Alexandra Bell,  No Humans Involved (Process Notes): After Sylvia Wynter  (detail), 2018. Archival inkjet print.

Alexandra Bell, No Humans Involved (Process Notes): After Sylvia Wynter (detail), 2018. Archival inkjet print.

Original Language
Curated by Natasha Marie Llorens
September 7 - October 11, 2018

Opening reception: Friday, September 7, 6-8PM

Exhibiting Artists
Wilder Alison, Alexandra Bell, Al Freeman, Ariel Jackson, Shellyne Rodriguez, Leah Weinberg-Moskowitz

Performance
Saturday, September 8, 3pm
All I See Is Blue by Ariel Jackson, performed with Michael Love


CUE Art Foundation is pleased to announce Original Language, a group exhibition presenting the work of six artists who are invested in the relationship between language and violence. The work maps a range of responses to the paradoxical fact that while it is urgent and necessary to use language in protest, language is also routinely the very site of structural violence. 

ARE YOU THE GOODS? ('Les Biennes') is a paper bag installation by Wilder Alison. The mural-scale work is comprised of approximately thirty silkscreened paper bags hung open on the back wall of the gallery, which is also painted with a color field background. The text is the narrative of a dream Wilder once had, which encompassed a word-play between French and English: les biens translate to the goods, while lesbians means the same thing in both languages. 

The Central Park Five are five men of color wrongly convicted of assaulting and raping Trisha Meili, a white female jogger in Manhattan’s Central Park, on the 19th of April, 1989. Alexandra Bell’s installation presents several weeks of reporting by the Daily News on the young men’s arrest, annotated and edited to reveal the racist violence perpetrated by the newspaper’s use of language. 

Al Freeman’s vinyl soft sculpture rendition of the Greek alphabet and accompanying drawings on paper consider the alphabet a subject, rather than simply a vehicle for semantic sense. In an American context, the Greek alphabet is widely used by university sororities and fraternities, which has shifted its aesthetic association to a certain kind of youth culture and its rituals of initiation. 

The images projected onto both sides of a free-standing blackboard show the artist, Ariel Jackson, drawing a diagram as though she were lecturing a class. Drawing both from Judith Carney’s work on the transmission of African farming techniques during slavery and from her own grandfather’s mechanical library, Jackson renders the history of knowledge lost, recovered, and transformed through several generations of African Americans in the South.  

The Jehovah’s Witnesses are known for the attention they pay to diversity in their promotional materials, which are full of pictures of people of color glowing with the light of inner salvation. Shellyne Rodriguez cuts these figures out and re-contextualizes them on paper bag backgrounds, collaged with speech bubbles cut from lottery ticket paper. Each kind of paper used in the work represents an aspirational discourse in the Bronx, a site deeply marked by structural violence.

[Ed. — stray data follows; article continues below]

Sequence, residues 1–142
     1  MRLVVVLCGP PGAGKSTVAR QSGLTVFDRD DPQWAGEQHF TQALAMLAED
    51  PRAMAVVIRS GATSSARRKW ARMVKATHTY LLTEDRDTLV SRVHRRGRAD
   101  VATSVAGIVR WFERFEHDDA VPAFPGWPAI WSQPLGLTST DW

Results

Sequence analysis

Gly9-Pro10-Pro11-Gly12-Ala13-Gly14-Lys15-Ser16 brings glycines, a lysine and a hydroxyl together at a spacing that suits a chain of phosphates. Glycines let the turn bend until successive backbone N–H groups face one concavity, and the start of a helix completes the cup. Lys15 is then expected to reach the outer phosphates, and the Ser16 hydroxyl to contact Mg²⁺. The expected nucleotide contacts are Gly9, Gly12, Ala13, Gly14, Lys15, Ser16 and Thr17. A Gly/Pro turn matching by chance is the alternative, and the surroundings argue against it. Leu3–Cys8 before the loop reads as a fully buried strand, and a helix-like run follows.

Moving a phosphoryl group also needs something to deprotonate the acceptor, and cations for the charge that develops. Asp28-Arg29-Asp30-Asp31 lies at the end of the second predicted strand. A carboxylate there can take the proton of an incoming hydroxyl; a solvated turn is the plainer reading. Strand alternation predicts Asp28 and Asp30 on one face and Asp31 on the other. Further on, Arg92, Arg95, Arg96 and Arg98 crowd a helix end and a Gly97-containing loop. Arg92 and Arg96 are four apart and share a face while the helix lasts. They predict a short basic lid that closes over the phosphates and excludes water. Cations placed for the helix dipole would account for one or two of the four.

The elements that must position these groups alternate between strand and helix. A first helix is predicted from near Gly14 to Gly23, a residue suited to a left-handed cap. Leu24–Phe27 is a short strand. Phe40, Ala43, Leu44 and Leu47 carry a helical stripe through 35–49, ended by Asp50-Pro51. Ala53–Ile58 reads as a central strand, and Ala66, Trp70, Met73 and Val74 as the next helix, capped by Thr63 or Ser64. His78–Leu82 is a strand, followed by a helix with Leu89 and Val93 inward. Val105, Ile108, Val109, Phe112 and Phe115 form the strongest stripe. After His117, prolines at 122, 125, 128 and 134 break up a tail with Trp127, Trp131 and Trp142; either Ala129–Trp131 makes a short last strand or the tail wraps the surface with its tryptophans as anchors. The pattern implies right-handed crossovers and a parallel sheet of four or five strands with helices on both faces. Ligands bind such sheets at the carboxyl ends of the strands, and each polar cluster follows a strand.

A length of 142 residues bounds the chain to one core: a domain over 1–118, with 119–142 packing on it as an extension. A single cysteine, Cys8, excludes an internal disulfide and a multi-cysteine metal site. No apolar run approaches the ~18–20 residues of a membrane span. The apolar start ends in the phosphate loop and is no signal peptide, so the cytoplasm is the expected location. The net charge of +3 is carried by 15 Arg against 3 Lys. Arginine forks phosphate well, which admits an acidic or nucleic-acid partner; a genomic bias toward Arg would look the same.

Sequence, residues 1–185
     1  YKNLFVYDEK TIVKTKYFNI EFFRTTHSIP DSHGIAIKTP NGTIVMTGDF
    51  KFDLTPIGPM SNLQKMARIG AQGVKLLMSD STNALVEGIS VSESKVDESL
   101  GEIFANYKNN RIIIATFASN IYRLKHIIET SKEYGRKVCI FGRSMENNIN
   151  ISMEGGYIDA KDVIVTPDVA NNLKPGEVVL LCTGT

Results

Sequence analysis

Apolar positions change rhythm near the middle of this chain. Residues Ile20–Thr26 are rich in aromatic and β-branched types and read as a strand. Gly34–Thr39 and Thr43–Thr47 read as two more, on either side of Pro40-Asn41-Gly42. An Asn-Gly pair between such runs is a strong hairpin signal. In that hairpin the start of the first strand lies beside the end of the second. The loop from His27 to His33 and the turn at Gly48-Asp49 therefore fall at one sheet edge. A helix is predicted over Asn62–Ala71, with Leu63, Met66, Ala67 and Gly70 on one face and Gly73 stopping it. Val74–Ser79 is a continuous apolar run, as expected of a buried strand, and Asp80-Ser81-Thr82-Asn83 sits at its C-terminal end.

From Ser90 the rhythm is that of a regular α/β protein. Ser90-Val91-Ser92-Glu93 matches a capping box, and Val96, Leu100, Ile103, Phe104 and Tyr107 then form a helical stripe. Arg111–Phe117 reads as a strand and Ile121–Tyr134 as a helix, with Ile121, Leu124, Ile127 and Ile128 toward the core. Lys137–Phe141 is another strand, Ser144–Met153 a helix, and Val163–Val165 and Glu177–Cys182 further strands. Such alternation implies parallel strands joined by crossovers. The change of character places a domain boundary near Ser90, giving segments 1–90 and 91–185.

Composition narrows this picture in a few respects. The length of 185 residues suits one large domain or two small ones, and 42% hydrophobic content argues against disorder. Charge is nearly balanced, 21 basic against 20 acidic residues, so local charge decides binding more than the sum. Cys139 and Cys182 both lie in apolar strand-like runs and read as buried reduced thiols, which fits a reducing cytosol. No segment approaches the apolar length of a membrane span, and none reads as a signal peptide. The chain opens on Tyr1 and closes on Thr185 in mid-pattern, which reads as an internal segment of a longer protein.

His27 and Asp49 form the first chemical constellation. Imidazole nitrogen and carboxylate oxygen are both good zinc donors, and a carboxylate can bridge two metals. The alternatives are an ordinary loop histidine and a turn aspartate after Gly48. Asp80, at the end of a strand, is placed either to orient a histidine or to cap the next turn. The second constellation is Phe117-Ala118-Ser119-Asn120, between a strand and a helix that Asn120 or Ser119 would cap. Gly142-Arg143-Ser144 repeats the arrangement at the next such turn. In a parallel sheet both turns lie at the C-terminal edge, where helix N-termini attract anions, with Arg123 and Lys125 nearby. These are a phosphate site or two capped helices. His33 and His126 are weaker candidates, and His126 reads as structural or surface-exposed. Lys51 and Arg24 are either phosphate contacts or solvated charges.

The body as the agent of language appears in neither Leah Weinberg-Moskowitz's video installation nor in the accompanying photographs. The video plays inside a headset, isolating the viewer's visual experience from the rest of gallery without physically separating the work from the common space of the exhibition.  It depicts a hovering point of light which the camera frame drifts about elliptically to spell the letters "S - U - I - C - I - D - E - N - O - T - E.”

Original Language is organized by Natasha Marie Llorens, an independent curator and writer based in Marseille and New York. Her curatorial research is focused primarily on the relationship between violence and representation in contemporary art from a feminist perspective. She has curated exhibitions at the International Studio and Curatorial Program (Brooklyn), REVERSE Gallery (Brooklyn), the Project Space at the Elizabeth Foundation for the Arts (NYC), Ramapo College (New Jersey), the Zabludowicz Gallery (London), Momenta Art (Brooklyn), the Aronson Gallery at Parsons Design School (NYC), the Essex Street Market and Cuchifritos Gallery (NYC), Skowhegan’s space in Manhattan (NYC), and Hercules Art Studio Program (NYC). She has held curatorial residencies at Marra Tein in Beirut, Triangle Arts Association in New York, Rond Point Projects in Marseille, Tabakalera in San Sebastian, and PRAKSIS in Oslo. She has taught at Columbia University, the Cooper Union and Eugene Lang College, all in New York City, and in the Curatorial Studies MA program at Parsons in Paris. A graduate of the MA program at the Center for Curatorial Studies at Bard, she is currently a PhD candidate in Modern and Contemporary Art History at Columbia University. Her academic research is focused on the representation of war in Algerian national cinema between 1965 and 1979.

The exhibition is accompanied by a 40-page color catalogue, with texts by Natasha Marie Llorens and Ladi’Sasha Jones. The catalogue is available online and free of charge to gallery visitors. For more information please contact Programs Assistant Lilly Hern-Fondation at lilly@cueartfoundation.org.